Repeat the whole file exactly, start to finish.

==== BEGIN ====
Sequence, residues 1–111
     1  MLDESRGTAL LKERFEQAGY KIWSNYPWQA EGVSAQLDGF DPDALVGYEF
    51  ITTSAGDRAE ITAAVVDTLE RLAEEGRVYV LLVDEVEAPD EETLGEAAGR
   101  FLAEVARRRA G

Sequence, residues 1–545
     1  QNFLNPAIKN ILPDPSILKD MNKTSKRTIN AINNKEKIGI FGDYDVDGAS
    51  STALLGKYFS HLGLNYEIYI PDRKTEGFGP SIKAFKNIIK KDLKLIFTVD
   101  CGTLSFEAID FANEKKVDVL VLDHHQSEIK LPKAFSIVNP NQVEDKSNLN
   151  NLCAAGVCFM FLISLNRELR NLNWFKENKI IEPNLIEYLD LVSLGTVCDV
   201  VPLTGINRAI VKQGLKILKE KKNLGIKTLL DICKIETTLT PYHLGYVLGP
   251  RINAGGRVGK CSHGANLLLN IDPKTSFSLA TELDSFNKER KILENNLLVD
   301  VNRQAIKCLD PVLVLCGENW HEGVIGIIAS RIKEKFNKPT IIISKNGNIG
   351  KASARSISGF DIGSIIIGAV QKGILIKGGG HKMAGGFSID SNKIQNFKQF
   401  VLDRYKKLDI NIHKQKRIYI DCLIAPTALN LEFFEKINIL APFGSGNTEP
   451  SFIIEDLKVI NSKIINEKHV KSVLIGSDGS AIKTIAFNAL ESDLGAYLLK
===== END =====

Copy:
Sequence, residues 1–111
     1  MLDESRGTAL LKERFEQAGY KIWSNYPWQA EGVSAQLDGF DPDALVGYEF
    51  ITTSAGDRAE ITAAVVDTLE RLAEEGRVYV LLVDEVEAPD EETLGEAAGR
   101  FLAEVARRRA G

Sequence, residues 1–545
     1  QNFLNPAIKN ILPDPSILKD MNKTSKRTIN AINNKEKIGI FGDYDVDGAS
    51  STALLGKYFS HLGLNYEIYI PDRKTEGFGP SIKAFKNIIK KDLKLIFTVD
   101  CGTLSFEAID FANEKKVDVL VLDHHQSEIK LPKAFSIVNP NQVEDKSNLN
   151  NLCAAGVCFM FLISLNRELR NLNWFKENKI IEPNLIEYLD LVSLGTVCDV
   201  VPLTGINRAI VKQGLKILKE KKNLGIKTLL DICKIETTLT PYHLGYVLGP
   251  RINAGGRVGK CSHGANLLLN IDPKTSFSLA TELDSFNKER KILENNLLVD
   301  VNRQAIKCLD PVLVLCGENW HEGVIGIIAS RIKEKFNKPT IIISKNGNIG
   351  KASARSISGF DIGSIIIGAV QKGILIKGGG HKMAGGFSID SNKIQNFKQF
   401  VLDRYKKLDI NIHKQKRIYI DCLIAPTALN LEFFEKINIL APFGSGNTEP
   451  SFIIEDLKVI NSKIINEKHV KSVLIGSDGS AIKTIAFNAL ESDLGAYLLK